Amritsar is a good place to celebrate Independence Day. You can honour the heroic spirit of Jallianwala and watch the retreat ceremony at the Wagah border
Wagah is where you can cross the border to Pakistan on foot. Here a retreat ceremony called lowering of the flags is held every single evening since 1959. Hundreds of citizens gather on both sides to witness the ceremony which starts 30 minutes before sunset. Men, women and kids on our side were too happy to sing and dance when patriotic songs were being played. It is heartwarming to see women and children holding the national flag and sprinting towards the gates. The atmosphere is so positive and happy that one forgets any kind of tension between the two nations. Indeed, it’s a great spectacle which lasts for about an hour and is not to be missed. Entry is free.
When in Amritsar, you would of course make it a point to visit the Golden Temple. But next to it is a historical site which creates a sombre mood. Step into the narrow passage leading to the Jallianwala Bagh and you will notice an inscription on a stone plaque: ‘This is the place where the bullets were fired from.’ Look for the Shaheedi Kuan-Martyr’s Well in which people jumped to escape the gunfire. Bullet holes on the walls have also been marked for visitors to observe. The park is well maintained and stands as a memorial to the people who sacrificed their lives.
Amritsar itself, founded in 1577 by fourth Sikh guru Ram Das as a small village, is divided into two parts by the railway lines. In the Old City to the south you’ll find the Golden Temple, one of India’s most spectacular and serene sights, along with several other historical structures. The north side of town is more modern with malls, upmarket restaurants and modern homes.
To enjoy a beautiful blend of tradition, culture, history and food, here’s what else you must do around the city.
The Golden Temple
Needless to say, the Golden Temple is the soul of Amritsar. A stunning architectural marvel is part of the huge gurudwara complex, known as Harmandir Sahib (or Darbar Sahib). The temple is beautifully tucked on a rectangular platform, surrounded by a pool of water called the Amrit Sarovar, from which the city received its name. The Guru Granth Sahib (holy book of Sikhs) is installed in the temple every morning, and returned at night to the Akal Takht, the temporal seat of the Khalsa brotherhood. How it is taken to the place of resting late night in a ceremony called Palki, is worth watching. It is said that with the support of Hukam Singh Chimni and Maharaja Ranjit Singh, the temple was decorated with stunning gold and marble work that lends it a unique look. Visitors are instructed to remove their shoes and cover their heads before entering the temple.
You must have parshad at the Langar (community meals) served here and see the community kitchen, which is the world’s largest kitchen. Also when you are in the main temple complex which is a two-storey structure; don’t miss the upper floors — accessible through a narrow winding staircase — where the view is amazing.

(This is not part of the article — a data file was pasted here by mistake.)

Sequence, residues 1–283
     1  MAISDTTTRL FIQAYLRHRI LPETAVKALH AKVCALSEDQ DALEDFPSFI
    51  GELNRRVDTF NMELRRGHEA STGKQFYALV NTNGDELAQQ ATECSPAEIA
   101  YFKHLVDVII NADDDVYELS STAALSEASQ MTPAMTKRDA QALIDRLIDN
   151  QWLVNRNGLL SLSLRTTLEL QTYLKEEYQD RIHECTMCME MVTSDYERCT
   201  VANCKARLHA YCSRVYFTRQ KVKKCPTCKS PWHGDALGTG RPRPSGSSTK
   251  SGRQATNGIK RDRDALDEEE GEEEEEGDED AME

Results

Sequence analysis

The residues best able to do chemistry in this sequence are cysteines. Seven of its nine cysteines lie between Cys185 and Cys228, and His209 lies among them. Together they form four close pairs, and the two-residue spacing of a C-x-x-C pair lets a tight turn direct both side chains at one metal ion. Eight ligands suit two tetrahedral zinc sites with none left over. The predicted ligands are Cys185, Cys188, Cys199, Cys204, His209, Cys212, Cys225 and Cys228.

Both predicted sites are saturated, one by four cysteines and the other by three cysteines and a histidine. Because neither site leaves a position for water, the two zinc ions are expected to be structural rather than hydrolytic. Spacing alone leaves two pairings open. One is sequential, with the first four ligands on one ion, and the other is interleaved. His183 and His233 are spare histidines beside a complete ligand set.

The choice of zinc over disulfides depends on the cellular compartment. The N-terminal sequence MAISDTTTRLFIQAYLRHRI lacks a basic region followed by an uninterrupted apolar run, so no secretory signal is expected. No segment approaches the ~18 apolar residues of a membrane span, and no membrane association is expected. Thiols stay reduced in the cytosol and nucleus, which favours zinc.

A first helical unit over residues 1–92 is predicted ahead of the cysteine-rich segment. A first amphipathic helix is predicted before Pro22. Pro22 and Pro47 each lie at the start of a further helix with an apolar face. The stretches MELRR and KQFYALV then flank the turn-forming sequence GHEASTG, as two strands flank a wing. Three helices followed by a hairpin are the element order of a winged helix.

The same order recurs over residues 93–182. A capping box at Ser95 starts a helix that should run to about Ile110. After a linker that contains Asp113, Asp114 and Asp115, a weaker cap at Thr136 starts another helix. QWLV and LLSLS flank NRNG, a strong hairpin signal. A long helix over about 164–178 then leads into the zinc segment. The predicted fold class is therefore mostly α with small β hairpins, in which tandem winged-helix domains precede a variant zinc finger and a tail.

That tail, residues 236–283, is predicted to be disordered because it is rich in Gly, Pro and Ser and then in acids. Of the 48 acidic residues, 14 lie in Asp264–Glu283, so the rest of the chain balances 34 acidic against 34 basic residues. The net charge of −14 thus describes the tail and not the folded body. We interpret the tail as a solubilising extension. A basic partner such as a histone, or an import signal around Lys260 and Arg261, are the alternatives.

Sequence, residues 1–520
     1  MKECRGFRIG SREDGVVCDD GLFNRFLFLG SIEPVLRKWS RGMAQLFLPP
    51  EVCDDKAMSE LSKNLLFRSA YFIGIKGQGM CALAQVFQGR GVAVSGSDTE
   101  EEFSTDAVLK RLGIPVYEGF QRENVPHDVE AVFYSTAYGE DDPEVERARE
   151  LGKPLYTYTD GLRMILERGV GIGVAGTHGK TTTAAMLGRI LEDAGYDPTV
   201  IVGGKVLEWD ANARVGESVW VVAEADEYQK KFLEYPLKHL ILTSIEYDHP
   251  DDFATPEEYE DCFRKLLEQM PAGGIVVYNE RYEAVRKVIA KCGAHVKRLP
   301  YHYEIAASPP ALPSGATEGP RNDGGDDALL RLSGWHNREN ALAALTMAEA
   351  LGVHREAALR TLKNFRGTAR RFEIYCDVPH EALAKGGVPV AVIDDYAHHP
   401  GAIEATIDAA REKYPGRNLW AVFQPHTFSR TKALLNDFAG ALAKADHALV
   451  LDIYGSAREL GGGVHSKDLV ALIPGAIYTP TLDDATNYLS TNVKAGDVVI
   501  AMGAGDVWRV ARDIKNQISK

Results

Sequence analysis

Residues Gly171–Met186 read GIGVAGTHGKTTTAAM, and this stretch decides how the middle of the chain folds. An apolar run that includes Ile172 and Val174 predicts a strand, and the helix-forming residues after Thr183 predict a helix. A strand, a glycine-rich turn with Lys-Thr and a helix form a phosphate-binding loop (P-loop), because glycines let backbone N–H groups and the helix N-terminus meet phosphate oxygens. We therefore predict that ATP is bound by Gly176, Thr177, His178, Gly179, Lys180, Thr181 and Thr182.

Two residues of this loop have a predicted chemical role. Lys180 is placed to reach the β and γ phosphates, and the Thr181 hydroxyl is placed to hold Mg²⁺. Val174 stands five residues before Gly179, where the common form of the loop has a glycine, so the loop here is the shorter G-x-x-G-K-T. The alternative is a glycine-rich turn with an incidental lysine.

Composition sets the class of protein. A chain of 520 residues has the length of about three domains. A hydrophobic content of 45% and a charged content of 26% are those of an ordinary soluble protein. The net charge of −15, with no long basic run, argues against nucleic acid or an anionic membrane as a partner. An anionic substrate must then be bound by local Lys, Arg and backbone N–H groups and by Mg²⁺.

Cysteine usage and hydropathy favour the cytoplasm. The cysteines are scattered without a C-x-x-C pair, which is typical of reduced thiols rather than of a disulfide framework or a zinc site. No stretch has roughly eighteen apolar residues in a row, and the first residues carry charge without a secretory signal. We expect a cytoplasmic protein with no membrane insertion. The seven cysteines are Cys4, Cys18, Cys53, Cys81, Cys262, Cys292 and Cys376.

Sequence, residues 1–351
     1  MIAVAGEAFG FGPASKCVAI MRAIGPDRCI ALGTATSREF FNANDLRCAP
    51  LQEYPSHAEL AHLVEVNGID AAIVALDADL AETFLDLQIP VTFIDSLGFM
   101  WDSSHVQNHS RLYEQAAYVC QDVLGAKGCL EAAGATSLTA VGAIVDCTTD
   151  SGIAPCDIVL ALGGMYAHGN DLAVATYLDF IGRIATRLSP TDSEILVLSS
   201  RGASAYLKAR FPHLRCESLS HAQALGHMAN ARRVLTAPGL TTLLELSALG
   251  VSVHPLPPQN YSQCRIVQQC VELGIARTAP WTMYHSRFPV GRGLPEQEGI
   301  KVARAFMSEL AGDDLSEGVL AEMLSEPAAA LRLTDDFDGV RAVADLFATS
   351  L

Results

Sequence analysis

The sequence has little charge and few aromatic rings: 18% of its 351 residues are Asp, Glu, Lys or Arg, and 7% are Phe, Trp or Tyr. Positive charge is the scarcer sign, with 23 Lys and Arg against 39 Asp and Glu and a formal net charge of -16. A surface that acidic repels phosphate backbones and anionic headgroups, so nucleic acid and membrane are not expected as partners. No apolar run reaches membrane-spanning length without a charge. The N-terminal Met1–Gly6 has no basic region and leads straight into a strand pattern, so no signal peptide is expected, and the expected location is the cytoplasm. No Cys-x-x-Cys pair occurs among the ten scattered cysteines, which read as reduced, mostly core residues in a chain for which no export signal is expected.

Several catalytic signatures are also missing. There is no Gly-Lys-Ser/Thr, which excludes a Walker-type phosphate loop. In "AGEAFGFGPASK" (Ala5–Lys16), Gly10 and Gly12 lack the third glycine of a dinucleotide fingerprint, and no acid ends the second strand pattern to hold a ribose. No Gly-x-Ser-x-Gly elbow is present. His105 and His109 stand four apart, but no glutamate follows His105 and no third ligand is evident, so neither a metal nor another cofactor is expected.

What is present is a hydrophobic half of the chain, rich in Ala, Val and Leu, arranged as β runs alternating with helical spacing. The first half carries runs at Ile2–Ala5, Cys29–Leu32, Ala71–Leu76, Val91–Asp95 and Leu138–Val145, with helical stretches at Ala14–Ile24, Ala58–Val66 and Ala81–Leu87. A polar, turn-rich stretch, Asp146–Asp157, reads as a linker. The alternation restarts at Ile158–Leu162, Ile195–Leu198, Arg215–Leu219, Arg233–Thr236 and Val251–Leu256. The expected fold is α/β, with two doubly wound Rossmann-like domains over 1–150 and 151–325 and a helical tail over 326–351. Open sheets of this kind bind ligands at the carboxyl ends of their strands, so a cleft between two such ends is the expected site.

Ranjit Singh Museum
Originally the summer palace of Maharaja Ranjit Singh, today as a museum it showcases arms, armor, paintings, old coins, manuscripts and personal belongings of Maharaja Ranjit Singh. The paintings displayed in the galleries of the museum showcase the court and camp of the king, giving an insight into the palace’s history and the lifestyle of its royal residents. Look for a famous painting depicting the city of Lahore. The palace is surrounded by beautifully kept garden grounds called the Ram Bagh. The entry is free.
For shopaholics, Amritsar is heavenly. Textiles, garments, jewels, you find everything here. Though you find good stuff in various local markets, but Hall Bazaar is the busiest shopping center located off Hall Road. This one-stop shopping destination offers a wide range of products, including electronics, books, handicrafts, home décor and clothing. You will also find restaurants and food stalls, making this a great destination for an all-day outing.
About 11 km from the city is Ram Tirath, an ancient pilgrimage center associated with the period of Ramayana. This is said to be the place where Lord Ram and Sita’s twins, Luv and Kush, were born. Also sage Valmiki is believed to have scripted the Ramayana at Ram Tirath. You can still find Valmiki’s old hut here. Look for a sacred site where there is a well believed to have been dug by Lord Hanuman.
Where to stay
l WelcomHeritage RanjitVilas designed as a traditional Punjabi Farm House, is worth trying for it offers a unique flavor of hospitality steeped in authentic Punjabi heritage.
l Hyatt Regency Amritsar for a modern comfortable stay and its USP is its wonderful gastronomy.